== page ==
“As next of kin and Whiskey’s emergency contact, he’d be Maddie’s legal guardian, but who knows how Family Services operates these days.”
I shook my head, not expressing a negative but like a dog shakes water from itself. I told her I wanted to look at Whiskey’s desk and computer.
“Hoping to find Arthur’s last name and address?” she asked.
I nodded, showing her Cookie’s sketch of Arthur.
She examined it and shook her head. “I’ve never seen him, but I really don’t get involved in the staff’s personal affairs.”
“Except you know Maddie.”
“That’s different. Without Whiskey, this place doesn’t run. And Maddie is, well, different. Precocious. Lovable. She has a lot to teach all of us. If she goes into care …” She reached for a handkerchief and twisted it until her hands were red, but the softness around Trisha Liam’s face was becoming. I had a new take on lawyers, at least this one.
“This Arthur fellow, he’s got to be the prime suspect?” she asked.
I shrugged. “The only one right now. Except for …”
Trisha Liam picked up on what I hadn’t said. “You have others?”
“Unless and until Whiskey walks through that door, everyone’s a suspect, including you.”
She waved my words away. “Trite.”
“But true,” I insisted.
“But he’s the main one?”
“At this point, perhaps. But I’ve just begun.”
She shot me a look.
“Arthur’s one of them. The most enigmatic, I’d say.”
“You can’t suspect anyone here?” But before I could reply, something passed through her, an electric shock. She’d answered her own question, I could tell, but she wasn’t naming him. As if I didn’t know—Seymour Wolsey.
But I wasn’t about to single out that greasy walrus. “You’re all suspects,” I repeated.
I let my last remark hang in the air for a while before I told her I also wanted to interview whoever was still in the office before I called the police. “You know what it’s going to be like when you call them?”
She nodded. “Chaos.”
With that I slipped on a pair of latex gloves and began rummaging through Whiskey’s desk. I found lots of manila files with what looked like work-related hard copies, but I also found an address book. I thumbed through it and found “Arthur, BB” and a phone number. When I called it, I got a voice saying the number was no longer in use.
The middle desk drawer held the usual collection—paperclips, rubber bands, folders, a ruler, and a magnifying glass. I thought about the trail mix we leave behind, and not for the first time, decided I ought to do a little cleaning up in my study.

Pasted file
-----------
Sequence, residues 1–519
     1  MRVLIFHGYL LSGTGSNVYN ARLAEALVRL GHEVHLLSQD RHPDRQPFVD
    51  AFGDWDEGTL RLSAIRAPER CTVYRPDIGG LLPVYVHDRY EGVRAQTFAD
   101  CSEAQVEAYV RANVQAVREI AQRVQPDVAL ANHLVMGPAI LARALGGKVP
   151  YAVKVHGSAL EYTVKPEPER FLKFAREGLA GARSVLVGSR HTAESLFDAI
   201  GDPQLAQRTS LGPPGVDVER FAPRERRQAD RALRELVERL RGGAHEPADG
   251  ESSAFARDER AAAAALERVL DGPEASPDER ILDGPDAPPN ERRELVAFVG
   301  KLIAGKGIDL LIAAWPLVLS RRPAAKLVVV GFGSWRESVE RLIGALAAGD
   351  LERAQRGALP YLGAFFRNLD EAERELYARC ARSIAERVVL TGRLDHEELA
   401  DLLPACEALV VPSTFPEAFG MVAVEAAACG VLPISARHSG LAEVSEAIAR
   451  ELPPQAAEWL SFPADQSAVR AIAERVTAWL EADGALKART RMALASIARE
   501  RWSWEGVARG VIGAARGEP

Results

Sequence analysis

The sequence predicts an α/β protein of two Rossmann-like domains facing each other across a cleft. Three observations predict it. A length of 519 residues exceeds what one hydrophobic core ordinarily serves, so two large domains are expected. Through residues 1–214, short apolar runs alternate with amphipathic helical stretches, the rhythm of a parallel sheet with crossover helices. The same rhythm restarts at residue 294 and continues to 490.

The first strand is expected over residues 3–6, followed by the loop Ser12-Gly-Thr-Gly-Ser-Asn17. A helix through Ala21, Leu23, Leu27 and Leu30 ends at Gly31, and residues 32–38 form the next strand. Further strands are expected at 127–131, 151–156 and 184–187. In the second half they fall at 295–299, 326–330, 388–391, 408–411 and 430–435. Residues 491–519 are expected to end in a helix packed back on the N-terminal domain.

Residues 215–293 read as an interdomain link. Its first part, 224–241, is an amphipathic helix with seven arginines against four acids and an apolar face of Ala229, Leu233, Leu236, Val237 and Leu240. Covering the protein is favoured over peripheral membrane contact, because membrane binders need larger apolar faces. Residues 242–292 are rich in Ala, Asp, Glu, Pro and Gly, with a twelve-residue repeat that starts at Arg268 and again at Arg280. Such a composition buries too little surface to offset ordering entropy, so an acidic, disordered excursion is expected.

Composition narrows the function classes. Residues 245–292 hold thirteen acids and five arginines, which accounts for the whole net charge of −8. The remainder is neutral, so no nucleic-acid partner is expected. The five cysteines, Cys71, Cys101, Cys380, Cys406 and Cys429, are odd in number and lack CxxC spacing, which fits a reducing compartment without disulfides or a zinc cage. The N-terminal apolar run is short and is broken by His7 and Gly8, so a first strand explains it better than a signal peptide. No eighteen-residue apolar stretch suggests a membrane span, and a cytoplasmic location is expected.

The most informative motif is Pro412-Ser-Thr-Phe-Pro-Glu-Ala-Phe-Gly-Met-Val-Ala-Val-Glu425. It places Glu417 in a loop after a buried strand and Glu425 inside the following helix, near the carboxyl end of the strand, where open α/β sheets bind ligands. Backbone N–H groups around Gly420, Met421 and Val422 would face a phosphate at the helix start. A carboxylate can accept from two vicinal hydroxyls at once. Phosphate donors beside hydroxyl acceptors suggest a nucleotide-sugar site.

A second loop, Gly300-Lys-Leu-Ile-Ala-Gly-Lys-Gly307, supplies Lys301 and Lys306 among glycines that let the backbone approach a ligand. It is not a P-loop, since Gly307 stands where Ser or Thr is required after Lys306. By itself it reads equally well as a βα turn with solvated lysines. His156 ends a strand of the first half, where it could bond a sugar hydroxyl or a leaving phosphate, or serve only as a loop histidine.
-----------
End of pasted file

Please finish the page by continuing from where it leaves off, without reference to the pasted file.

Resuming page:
Whiskey must love candy bars because there was a wad of Snickers wrappers stuck in the upper left-hand corner. I admit it, my stomach was beginning to quake and I was looking at my watch, sure signs I knew I was running out of time. Nothing else in the desk except for plastic spoons, napkins, paper plates, a vase, the normal detritus, but not much paper. I guessed most of Liam, Trueblood & Wolsey files were electronic.
Getting into Whiskey’s computer proved a bit trickier. Being a small law office there were several Macs and PCs scattered around. Whiskey chose the former. Luck be a lady, I was fortunate and tripped the logon screen with Maddie123 on the third try.
Once in, I found a messy desktop. I arranged all the files and folders by name, but decided it would take too much time to go traipsing through all the stuff. And time was one thing I didn’t have a lot of. Let Jane Templeton and her merry band sift through the slog.
In her Contacts, though, I hit the jackpot and found over four hundred. I searched for Arthur, found the same discontinued phone number, and a note that asked a question: “Still on Neptune?” I began going through the rest of her contacts, one by one, but decided that would take too much time, so I exported them to a pdf and sent it to Lorraine’s iPad, asking her to sift through them for a list of her friends and any information on Arthur. After I copied the file to my keychain flash drive, I deleted the original pdf from the desktop before looking through her documents for something that might give me more solid background on Whiskey. I didn’t come up with anything. I poked around in Safari, but didn’t have much time, and anyway, it looked like Whiskey Parnell wasn’t a surfer at work.
Rhoda the Receptionist
As I shut down Whiskey’s computer, I saw the woman at the front desk staring at me.
She told me her name was Rhoda and she’d been the receptionist at Liam, Trueblood & Wolsey for several years.
“Be right back,” she said without turning around. “Liam’s daughter was kidnapped last spring. She wasn’t gone long enough if you ask me.” The receptionist’s voice trailed down the hall as I watched her ass cheeks bounce and strain the back of her jeans. “Getting my purse. Time to leave, but I’ll give you a few minutes, although I won’t be paid for it and have lots to do. I barely say two words to Whiskey on any given day. We’re not close, you might say.”